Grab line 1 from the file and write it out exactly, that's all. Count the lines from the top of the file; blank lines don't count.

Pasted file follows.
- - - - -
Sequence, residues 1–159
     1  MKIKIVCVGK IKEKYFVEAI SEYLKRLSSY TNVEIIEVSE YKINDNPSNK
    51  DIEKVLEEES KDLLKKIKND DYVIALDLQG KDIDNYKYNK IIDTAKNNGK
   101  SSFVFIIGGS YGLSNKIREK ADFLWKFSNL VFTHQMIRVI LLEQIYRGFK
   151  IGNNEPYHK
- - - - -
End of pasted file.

Sequence, residues 1–159